HCPLive Network

Evidence Discredits Aggressive UTI Testing in Young Children

 
MONDAY, Jan. 21 (HealthDay News) -- Guidelines recommending aggressive testing of young children with fevers for urinary tract infections (UTIs) should be revisited given the lack of evidence and long-term justification, according to research published online Jan. 11 in the Annals of Emergency Medicine.

Noting that the American Academy of Pediatrics' guidelines recommend aggressive diagnosis, treatment, and investigation of possible pediatric urinary tract infection in children with fever who are younger than 2 years, David H. Newman, M.D., of the Mount Sinai School of Medicine in New York City, and colleagues reviewed the literature to examine the utility and efficacy of this early identification and treatment. They focused specifically on the utility of antibiotics for reducing delayed renal complications and the utility of timely diagnosis and treatment in prevention of renal scarring.

The researchers found that, although two studies linked aggressive and early identification of urinary tract infection with prevention of long-term renal complications, a more substantive body of evidence did not find evidence for this link. In addition, renal scarring was found to be relatively common, but there was no evidence suggesting that scarring has long-term sequelae.

"Pediatric urinary tract infection in well children does not appear to result in currently identifiable long-term clinical sequelae, and antimicrobial treatment appears unable to affect either intermediary markers such as renal scarring or long-term outcome," the authors write. "Aggressive testing may be more harmful than helpful. An initial observational approach to well children with fever seems reasonable."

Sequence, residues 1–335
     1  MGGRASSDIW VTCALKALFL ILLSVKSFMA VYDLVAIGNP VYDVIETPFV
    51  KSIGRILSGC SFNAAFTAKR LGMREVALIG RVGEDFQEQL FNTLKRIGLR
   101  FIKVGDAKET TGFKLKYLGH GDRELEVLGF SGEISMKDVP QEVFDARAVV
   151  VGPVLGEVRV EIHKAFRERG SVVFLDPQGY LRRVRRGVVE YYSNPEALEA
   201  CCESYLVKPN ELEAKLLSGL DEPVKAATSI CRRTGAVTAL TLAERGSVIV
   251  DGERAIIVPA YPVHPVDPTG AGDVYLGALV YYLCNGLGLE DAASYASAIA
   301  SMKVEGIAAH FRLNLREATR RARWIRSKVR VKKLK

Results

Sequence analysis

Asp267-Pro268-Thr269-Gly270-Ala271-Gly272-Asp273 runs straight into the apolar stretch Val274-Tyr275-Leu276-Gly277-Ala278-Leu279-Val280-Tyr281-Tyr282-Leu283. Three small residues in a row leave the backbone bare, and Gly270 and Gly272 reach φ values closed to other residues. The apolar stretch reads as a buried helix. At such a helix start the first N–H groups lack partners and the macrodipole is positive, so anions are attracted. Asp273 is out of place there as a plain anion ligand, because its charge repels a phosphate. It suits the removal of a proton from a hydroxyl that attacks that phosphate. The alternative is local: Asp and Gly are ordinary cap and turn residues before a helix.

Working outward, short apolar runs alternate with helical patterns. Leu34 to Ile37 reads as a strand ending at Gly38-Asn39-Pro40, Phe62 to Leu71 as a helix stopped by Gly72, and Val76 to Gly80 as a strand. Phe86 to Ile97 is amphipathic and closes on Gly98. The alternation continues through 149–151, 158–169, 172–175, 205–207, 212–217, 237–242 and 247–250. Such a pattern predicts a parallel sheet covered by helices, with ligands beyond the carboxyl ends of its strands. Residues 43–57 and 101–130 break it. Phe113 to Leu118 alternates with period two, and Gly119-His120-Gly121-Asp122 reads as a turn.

Abstract
Full Text (subscription or payment may be required)


Copyright © 2013 HealthDay. All rights reserved.
 
 

Further Reading
Researchers at Hong Kong University and the Wellcome Trust Sanger Institute have identified a link between the influenza A viruses’ genetic diversity and severity of the infection.
Carol Burke, MD, FACG, FASGE, talks about her phase-3 placebo-controlled trial of Celecoxib in pediatric subjects with familial adenomatous polyposis (FAP) at the 2014 ACG Annual Meeting in Philadelphia, PA.
Carol Burke, MD, FACG, FASGE, discusses pediatric familial adenomatous polyposis (FAP) and colorectal cancer at the 2014 ACG Annual Scientific Meeting in Philadelphia, PA.
The immune system is the new focus of much work on traumatic brain injury (TBI). In a challenge to the paradigm that the blood brain barrier prevents harmful leukocytes from entering the brain, a Texas team tried to neutralize the impact of these cells. Peripheral lymphocytes are activated after TBI. They may then act as potential antigen presenting cells and get into the brain, causing cells there to degenerate.
Drinking sugar-sweetened sodas may affect cellular aging by shortening telomere length, according to research published online Oct. 16 in the American Journal of Public Health.
Increasing use of hospice in the final days of ovarian cancer does not offset intensive end-of-life care in older women, according to a study published online Oct. 6 in the Journal of Clinical Oncology.
The CDC announces monitoring for all passengers from 3 Ebola-stricken nations, part of increased surveillance efforts as new Ebola czar Ron Klain starts firs day of work. Meanwhile, Bentley, the dog confined because his owner Dallas nurse Nina Pham has the virus, is cleared to go home. NBC medical editor Nancy Snyderman released from her Princeton, NJ home quarantine, and the NBC cameraman stricken with the disease is now Ebola-free.
More Reading